Given the paucity of data on the association between trends in clinical variables during the early stages of inten-sive care unit (ICU) admission following surgical interven-tion for FP and outcomes, we used a large internainterven-tional database of patients with FP with the aim of analysing trends in all available clinical variables during the first week of ICU stay and their relationship to outcome.

Intraabdominal infections, and in particular FP, although affecting all age groups, are conditions which typically affect the elderly. The severity of sepsis and the likelihood of an adverse outcome are both reflected in persisting organ system failures and may be aggravated by limited physiologic reserve, the presence of comor-bidities and impaired wound healing [11,12]. With an ageing population, the incidence of FP is likely to increase, adding pressure on already scarce health care resources [13,14]. In this setting, detecting trends in key laboratory and physiological variables and in the severity of organ dysfunction could prove useful in supporting decision making with regard to escalating, limiting or withdrawing treatment, and it might help reduce vari-ability in critical care decision making [15].

The Genetics of Sepsis and Septic Shock in Europe (GenOSept) trial is a pan-European study funded by the Sixth Framework Programme of the European Union. It was conceived by the European Critical Care Research Network of the European Society for Intensive Care Medicine to investigate the potential impact of genetic variation on the host response and outcomes in sepsis [16]. To date, the GenOSept cohort includes the largest and diagnostically most homogeneous collection of clinical data on critically ill patients with FP. We recently reported outcome analyses of this cohort, based on data from day 1 of admission to the ICU [12].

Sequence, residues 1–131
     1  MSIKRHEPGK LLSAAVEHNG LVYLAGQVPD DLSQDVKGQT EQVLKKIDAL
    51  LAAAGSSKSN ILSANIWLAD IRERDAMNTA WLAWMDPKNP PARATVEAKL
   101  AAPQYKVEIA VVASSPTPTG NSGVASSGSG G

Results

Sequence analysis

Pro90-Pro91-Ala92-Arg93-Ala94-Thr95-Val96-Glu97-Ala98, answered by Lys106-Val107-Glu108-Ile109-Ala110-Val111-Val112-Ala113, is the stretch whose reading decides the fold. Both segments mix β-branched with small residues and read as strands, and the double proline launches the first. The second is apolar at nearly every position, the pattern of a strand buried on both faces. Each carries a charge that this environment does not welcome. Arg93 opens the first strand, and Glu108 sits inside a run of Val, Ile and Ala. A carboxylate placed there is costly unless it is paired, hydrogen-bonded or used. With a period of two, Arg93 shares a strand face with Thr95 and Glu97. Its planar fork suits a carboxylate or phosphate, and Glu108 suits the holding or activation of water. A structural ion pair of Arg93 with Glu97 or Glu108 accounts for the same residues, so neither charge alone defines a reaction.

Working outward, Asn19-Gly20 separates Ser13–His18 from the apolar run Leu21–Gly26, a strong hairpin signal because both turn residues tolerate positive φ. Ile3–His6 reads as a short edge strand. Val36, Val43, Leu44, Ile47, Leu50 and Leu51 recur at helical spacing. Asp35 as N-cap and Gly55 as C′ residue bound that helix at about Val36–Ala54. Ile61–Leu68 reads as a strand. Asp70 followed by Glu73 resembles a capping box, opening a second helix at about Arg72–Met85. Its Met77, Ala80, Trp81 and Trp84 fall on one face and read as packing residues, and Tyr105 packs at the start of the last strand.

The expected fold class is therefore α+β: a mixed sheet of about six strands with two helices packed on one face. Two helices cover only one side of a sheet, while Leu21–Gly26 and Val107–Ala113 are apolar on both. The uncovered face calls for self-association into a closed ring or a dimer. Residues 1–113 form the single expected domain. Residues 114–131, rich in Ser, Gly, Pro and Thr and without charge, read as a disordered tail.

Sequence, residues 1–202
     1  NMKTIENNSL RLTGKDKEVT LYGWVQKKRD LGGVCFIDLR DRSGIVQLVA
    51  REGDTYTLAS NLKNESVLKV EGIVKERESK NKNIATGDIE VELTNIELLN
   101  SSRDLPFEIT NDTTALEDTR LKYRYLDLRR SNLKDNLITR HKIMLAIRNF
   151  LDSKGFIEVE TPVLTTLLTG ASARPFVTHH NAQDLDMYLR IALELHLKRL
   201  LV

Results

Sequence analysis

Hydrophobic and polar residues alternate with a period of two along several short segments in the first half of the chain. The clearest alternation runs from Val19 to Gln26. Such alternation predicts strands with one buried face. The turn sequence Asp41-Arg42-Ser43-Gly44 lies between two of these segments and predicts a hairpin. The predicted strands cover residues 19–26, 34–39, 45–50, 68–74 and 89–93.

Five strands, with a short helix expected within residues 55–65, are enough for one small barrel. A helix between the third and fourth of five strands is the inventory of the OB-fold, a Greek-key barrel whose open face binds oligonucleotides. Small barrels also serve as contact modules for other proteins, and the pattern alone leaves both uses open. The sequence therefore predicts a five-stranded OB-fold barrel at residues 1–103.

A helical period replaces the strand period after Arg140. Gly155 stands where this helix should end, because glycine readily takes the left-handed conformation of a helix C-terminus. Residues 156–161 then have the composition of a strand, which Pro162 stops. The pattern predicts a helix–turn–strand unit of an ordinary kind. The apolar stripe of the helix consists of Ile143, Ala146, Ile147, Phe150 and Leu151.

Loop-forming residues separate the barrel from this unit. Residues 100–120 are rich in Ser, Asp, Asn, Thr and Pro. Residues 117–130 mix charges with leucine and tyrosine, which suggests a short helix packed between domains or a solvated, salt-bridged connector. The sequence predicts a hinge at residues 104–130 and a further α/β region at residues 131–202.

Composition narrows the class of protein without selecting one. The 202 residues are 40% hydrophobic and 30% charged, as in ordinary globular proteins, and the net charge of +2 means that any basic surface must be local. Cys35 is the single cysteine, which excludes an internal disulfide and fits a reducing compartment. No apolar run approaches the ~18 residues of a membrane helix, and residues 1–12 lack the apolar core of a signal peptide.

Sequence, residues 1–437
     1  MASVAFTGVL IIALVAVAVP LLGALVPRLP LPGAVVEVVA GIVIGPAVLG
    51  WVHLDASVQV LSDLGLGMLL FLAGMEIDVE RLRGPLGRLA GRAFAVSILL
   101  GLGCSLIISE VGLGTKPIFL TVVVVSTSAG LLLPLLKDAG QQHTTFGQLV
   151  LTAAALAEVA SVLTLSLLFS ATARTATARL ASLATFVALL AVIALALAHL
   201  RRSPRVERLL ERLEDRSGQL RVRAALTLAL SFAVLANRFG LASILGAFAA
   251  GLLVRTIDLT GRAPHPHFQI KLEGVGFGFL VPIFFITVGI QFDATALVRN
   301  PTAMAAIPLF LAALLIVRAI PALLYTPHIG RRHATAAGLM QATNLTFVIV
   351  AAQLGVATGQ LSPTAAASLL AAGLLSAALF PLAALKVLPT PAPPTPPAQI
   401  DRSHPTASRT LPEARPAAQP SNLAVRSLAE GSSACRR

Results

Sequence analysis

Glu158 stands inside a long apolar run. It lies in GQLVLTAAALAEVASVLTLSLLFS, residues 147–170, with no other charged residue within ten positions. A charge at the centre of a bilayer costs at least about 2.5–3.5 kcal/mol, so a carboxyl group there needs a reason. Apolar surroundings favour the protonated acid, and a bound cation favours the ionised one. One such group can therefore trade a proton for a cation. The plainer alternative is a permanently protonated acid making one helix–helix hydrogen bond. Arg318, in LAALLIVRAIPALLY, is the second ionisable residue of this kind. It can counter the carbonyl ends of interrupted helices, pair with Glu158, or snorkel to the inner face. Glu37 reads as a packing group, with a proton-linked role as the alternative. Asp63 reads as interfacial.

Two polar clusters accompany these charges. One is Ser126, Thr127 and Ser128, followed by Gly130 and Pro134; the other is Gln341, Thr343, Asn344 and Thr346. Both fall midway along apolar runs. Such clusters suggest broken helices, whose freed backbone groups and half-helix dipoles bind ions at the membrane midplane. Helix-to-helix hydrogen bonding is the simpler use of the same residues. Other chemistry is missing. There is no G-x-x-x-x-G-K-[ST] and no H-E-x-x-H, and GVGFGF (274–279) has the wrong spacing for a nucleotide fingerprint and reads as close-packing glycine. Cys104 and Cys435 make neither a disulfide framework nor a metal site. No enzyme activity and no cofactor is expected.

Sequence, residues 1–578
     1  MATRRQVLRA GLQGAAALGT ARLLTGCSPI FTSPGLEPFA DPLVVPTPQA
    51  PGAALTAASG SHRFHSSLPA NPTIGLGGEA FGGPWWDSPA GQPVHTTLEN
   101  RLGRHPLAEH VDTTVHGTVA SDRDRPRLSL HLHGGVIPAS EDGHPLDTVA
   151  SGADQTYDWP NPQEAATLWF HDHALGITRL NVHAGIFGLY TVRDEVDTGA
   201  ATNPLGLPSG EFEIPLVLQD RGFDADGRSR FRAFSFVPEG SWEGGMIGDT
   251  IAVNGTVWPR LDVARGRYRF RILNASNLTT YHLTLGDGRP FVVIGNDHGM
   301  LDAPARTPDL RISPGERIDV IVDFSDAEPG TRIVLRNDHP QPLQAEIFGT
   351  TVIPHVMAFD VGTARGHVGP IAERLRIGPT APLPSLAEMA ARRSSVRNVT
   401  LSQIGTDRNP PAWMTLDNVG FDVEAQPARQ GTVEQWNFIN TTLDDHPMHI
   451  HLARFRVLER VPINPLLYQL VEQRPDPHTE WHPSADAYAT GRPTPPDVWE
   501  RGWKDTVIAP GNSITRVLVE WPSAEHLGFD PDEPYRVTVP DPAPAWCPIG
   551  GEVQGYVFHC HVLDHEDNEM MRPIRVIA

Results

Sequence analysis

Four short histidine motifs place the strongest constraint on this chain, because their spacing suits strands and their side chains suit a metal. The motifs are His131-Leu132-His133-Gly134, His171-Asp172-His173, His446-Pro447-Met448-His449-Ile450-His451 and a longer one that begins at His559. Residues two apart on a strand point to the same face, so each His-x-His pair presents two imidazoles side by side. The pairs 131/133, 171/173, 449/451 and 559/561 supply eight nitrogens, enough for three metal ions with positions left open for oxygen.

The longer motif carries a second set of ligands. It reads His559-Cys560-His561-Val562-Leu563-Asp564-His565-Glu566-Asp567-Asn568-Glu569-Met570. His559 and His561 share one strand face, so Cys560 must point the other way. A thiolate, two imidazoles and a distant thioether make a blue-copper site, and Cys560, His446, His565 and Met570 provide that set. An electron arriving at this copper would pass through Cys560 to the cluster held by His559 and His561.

Material and methods Recruitment and ethical approval

Ethical approval was granted either nationally and/or locally (for individual centres—see Additional file 1). Written informed consent for inclusion in the GenOSept study was obtained from all patients or their legal representatives. The study was performed in accordance with the ethical standards laid down in the 1964 Declaration of Helsinki and its later amendments. Patients were recruited from 102 centres across 16 European countries (see Additional file 1 for contributors) between September 2005 and January 2011.

The definition of sepsis was based on the International Consensus Criteria as“the clinical syndrome defined by the presence of both infection and a systemic inflamma-tory response” ([17], p 532). Patients were followed for up to 6 months from enrolment or until death.

To be included, patients had to be adults (>18 years) admitted to a high-dependency unit or ICU with FP. FP was defined as inflammation of the serosal membrane that lines the abdominal cavity, secondary to contamin-ation by faeces, as diagnosed at laparotomy.

Exclusion criteria were peritonitis due to gastric or upper gastrointestinal tract perforation (for example, gastric or duodenal ulcer perforation, terminal ileum perforation); patient or patient’s legal representative un-willing or unable to give consent; patient pregnant; ad-vanced directive to withhold or withdraw life-sustaining treatment or admitted for palliative care only; patient already enrolled in an interventional research study of a novel and/or unlicensed therapy (patients enrolled in interventional studies examining the clinical application or therapeutic effects of widely accepted,“standard” treat-ments were not excluded); patient immunocompromised (known regular systemic corticosteroid therapy exceeding 7 mg/kg/day of hydrocortisone or equivalent within 3 months of admission and prior to acute episode, known regular therapy with other immunosuppressive agents (for example, azathioprine), known to be HIV-positive or to have AIDS as defined by the Centers for Disease Control and Prevention, neutrophil count <1,000/mm3due to any cause, including metastatic disease and haematological malignancies or chemotherapy, but excluding severe sepsis; organ or bone marrow transplant recipient and receiving immunosuppressive therapy).

See Additional file 1 for information on database and quality assurance.

Statistical analysis

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scores [18,19]. We used investigator-coded presence (or absence) of acute renal failure (ARF); the study was started before the international definitions of acute kidney injury (AKI) had been developed.